Writing this week from Seoul, South Korea, where I’ve been the guest of the Korea National Food Cluster known as Foodpolis, the government-sponsored food industrial complex being built east of Iksan. My visit to South Korea actually began with a conversation with Dr. Won Song at Michigan State University about what I might expect, especially since I’d never been to Korea before. Professor Song has returned to Korea on a number of occasions, most recently as a visiting professor for the fall 2009-2010 school year at Seoul National University. She’s also held other posts in Korea, in industry and at universities, before joining MSU’s respected Department of Food Science and Human Nutrition. First Dr. Song said I should have no fear about food safety in Korea. She basically said that I should partake of the advantage of eating authentic Korea food, and, believe me, I did. Second, she told me to be on the lookout for examples of a Korean perspective about food being medicine and medicine being food. I was not exactly clear on what she was talking about until I was meeting with some of the food safety research and development executives at the Sempio food manufacturer. I was getting a lesson in fermented soybeans to make the flavoring known as “Jang.” The uses of this “taste of Korea” are many, but here they were talking about evidence that, if fruits and vegetables are made more pleasant to eat, people will eat more of them and “Jang,” substituted for sodium-based flavorings. They said it had to do with “food and medicine and medicine as food.” I first wondered if Dr. Song had called ahead, but then I realized they were addressing a mindset that is very much embraced by Koreans. Eating the right food means you will be taking fewer medicines. It is all connected in a culture that has a history of mixing alternative therapy and traditional herbal medicine. There seems to be a lot to this. Koreans, I am learning, are very picky about their food and careful about what they consume. When there is a problem with food, they want to know all they can about it. That’s why, as it turned out, I received this invitation to visit South Korea. Korean newspapers know that their readers want to know what’s going on during any incident that might impact their food or their health. As a result, several have taken to citing reporting done by Food Safety News. So we ended up on the radar screen when South Korea decided to extend this invitation to come visit. We’ve learned a number of things during this short visit. Among them are how food safety is shaping market opportunities and how trust is shaping trade. More on all of this will be coming in the week ahead in our news columns. I do want to use this forum to thank Kris Yoon and Wendy Yoo from Communications Korea and JD Kim at the Ministry of Agriculture, Food and Rural Affairs for being my tour guides all week. I literally would have been lost without each of them. With their help, I was able to cover a lot of ground fast. With 10 million people and the fourth-richest metropolitan economy in the world (after New York City, Los Angeles, and Tokyo), Seoul is one those places that just leaves one on sensory overload. It would take some serious tourist time to take it all in. I think I will probably come back and do that someday soon. But this time, it’s been all work, and we’ll be sharing what we learned very shortly.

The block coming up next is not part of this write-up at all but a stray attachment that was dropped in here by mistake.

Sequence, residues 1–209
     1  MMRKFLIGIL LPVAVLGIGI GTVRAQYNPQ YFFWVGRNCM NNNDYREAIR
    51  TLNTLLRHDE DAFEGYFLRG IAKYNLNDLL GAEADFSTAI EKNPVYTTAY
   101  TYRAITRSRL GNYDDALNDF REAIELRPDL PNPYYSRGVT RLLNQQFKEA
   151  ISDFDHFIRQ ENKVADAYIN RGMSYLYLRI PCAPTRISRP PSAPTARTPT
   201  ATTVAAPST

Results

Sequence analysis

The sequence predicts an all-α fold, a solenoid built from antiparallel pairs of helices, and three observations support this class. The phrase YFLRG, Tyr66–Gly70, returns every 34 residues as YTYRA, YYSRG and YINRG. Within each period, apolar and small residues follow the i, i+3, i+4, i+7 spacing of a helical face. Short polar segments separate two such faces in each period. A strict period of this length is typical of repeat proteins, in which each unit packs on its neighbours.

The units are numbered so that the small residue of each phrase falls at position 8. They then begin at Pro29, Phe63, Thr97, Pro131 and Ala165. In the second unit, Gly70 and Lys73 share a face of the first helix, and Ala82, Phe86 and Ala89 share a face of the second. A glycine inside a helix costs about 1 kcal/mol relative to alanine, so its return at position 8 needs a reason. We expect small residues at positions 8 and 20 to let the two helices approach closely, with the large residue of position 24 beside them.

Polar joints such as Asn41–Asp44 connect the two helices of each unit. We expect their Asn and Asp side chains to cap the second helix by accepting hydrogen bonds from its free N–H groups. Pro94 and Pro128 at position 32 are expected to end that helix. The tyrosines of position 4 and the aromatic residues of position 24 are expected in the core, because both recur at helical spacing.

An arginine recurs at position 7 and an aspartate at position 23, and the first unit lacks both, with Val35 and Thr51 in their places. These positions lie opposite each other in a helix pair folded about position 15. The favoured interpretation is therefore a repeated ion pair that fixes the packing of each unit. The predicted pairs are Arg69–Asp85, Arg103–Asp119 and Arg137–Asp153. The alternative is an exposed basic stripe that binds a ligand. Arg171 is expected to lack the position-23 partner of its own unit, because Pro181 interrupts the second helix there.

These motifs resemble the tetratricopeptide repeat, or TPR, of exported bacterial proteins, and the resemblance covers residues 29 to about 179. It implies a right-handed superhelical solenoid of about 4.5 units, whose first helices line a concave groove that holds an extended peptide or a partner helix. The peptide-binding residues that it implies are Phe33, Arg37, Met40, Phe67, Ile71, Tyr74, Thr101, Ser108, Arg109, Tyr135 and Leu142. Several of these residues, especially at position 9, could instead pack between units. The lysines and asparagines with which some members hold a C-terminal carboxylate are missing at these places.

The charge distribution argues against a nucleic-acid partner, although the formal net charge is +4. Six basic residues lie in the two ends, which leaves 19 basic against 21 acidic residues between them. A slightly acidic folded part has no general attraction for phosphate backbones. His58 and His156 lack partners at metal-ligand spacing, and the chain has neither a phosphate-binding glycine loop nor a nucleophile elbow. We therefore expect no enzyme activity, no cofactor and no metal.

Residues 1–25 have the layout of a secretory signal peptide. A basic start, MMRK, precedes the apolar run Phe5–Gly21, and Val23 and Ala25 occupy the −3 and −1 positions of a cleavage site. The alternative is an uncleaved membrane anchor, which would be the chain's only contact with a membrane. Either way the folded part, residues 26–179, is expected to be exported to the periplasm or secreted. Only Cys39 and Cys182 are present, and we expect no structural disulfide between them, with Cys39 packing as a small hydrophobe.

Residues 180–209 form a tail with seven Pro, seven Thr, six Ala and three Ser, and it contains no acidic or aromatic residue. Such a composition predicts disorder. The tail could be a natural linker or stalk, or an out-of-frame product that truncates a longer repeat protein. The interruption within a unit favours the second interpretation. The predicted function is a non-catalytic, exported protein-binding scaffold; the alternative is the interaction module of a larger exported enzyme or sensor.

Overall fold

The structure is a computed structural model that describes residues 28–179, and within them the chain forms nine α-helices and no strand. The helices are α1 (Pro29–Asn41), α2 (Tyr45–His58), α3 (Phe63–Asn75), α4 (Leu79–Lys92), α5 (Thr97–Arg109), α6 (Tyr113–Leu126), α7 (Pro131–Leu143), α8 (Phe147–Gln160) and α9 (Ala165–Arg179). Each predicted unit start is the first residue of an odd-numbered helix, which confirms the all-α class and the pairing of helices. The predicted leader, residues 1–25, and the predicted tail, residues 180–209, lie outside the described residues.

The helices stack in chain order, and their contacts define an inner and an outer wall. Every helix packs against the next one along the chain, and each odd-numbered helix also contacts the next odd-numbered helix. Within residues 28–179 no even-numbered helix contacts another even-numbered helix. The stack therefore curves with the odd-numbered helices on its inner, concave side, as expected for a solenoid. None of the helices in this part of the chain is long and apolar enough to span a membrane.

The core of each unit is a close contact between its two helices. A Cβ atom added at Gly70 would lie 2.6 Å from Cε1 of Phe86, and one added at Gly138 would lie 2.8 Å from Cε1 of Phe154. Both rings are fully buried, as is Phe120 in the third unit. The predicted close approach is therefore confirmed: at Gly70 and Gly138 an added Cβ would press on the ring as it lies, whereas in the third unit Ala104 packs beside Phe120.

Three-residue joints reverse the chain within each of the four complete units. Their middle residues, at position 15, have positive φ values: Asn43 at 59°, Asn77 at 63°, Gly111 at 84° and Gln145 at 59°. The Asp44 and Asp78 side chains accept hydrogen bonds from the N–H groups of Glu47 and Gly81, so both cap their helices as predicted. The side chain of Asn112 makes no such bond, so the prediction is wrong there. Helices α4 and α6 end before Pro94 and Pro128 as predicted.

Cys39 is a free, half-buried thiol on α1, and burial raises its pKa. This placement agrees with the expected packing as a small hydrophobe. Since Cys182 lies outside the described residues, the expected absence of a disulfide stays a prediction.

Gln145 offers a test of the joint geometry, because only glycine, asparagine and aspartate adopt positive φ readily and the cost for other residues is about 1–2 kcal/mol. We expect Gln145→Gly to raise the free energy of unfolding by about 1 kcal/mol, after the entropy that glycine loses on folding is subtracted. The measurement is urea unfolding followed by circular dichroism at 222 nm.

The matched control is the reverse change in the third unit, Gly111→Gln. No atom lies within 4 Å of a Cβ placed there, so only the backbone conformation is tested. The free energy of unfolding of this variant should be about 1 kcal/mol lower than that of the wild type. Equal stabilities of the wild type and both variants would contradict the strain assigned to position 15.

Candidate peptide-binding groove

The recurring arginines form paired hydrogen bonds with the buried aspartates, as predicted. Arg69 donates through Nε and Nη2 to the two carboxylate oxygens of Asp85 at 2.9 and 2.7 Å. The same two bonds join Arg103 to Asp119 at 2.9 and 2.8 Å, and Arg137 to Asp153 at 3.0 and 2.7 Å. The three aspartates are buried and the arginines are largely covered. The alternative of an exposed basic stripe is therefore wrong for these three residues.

• Tabia

    This is a great article to me on several levels, One, that an American and an official, can accept a cultural wisdom from those outside their own culture. Another reason is that, while perhaps unknown to you, this understanding is soooo old that it is “tipping” back into society today from the bottom up. It is said that the father of western medicine said it; however I have come to understand the teacher of this person, the genius from Kemit, said it frequently…Let food be your medicine and medicine be your food. When foods are processed in a way to maintain their value and grown in nutrient rich soil in a process that uses ecological means to reduce pests, this can indeed be and remain a constant truth. Continue your journey
    Healthy Living-Raw

  • overseaschinese

    This food culture is not limited to Korea but also Japan, China, Thailand, India, Indonesia, Malaysia, Singapore etc. It’s an Asian-thing.

    Most Korean food (raw materials) is imported from China, so do food in Malaysia, Singapore, etc.

    • John Mark Carter

      Right. For example, the ayurvedic system treats food as medicine.

  • Dave

    A very interesting topic, and one it would be great to expand upon. For instance, do the “medicine as food and food as medicine” functions change for individuals as they age, suffer from illnesses and infections, or genetic conditions? Thanks for your perspective!

  • Glad to be a vegetarian

    Fascinating! I am looking forward to reading more about this. I agree with their philosophy. What a contrast to the unhealthy and overconsumptive way most Americans eat…

  • Excellent writing. I’m also looking forward to reading more from your trip.

  • Paul

    Food as medicine certainly a great mindset. Something I am recently trying to learn and pay more attention to. I look forward to reading more…

  • Dr. Rob Stuart

    Korea spends 15.3% of Annual Income on food, while here in U.S. we spend 6.8%. A good thought would be to double the cost for all U.S. foods and pay the farming community a respectable income. Who in the U.S. is clamoring to be a farmer?